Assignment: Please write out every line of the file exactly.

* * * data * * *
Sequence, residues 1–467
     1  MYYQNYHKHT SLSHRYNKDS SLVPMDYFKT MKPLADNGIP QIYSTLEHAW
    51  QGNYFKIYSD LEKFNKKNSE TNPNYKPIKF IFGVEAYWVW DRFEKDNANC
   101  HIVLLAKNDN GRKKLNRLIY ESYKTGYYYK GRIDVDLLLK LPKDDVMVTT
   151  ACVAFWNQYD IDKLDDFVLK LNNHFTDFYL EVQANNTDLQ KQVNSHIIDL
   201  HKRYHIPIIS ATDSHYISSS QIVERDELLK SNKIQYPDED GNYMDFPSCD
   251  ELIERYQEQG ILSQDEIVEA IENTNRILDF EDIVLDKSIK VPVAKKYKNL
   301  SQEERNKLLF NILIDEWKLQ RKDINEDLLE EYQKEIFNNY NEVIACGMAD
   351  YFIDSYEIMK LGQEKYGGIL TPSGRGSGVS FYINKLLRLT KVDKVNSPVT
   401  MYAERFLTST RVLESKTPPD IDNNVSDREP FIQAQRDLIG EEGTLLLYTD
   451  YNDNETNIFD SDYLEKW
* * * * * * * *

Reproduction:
Sequence, residues 1–467
     1  MYYQNYHKHT SLSHRYNKDS SLVPMDYFKT MKPLADNGIP QIYSTLEHAW
    51  QGNYFKIYSD LEKFNKKNSE TNPNYKPIKF IFGVEAYWVW DRFEKDNANC
   101  HIVLLAKNDN GRKKLNRLIY ESYKTGYYYK GRIDVDLLLK LPKDDVMVTT
   151  ACVAFWNQYD IDKLDDFVLK LNNHFTDFYL EVQANNTDLQ KQVNSHIIDL
   201  HKRYHIPIIS ATDSHYISSS QIVERDELLK SNKIQYPDED GNYMDFPSCD
   251  ELIERYQEQG ILSQDEIVEA IENTNRILDF EDIVLDKSIK VPVAKKYKNL
   301  SQEERNKLLF NILIDEWKLQ RKDINEDLLE EYQKEIFNNY NEVIACGMAD
   351  YFIDSYEIMK LGQEKYGGIL TPSGRGSGVS FYINKLLRLT KVDKVNSPVT
   401  MYAERFLTST RVLESKTPPD IDNNVSDREP FIQAQRDLIG EEGTLLLYTD
   451  YNDNETNIFD SDYLEKW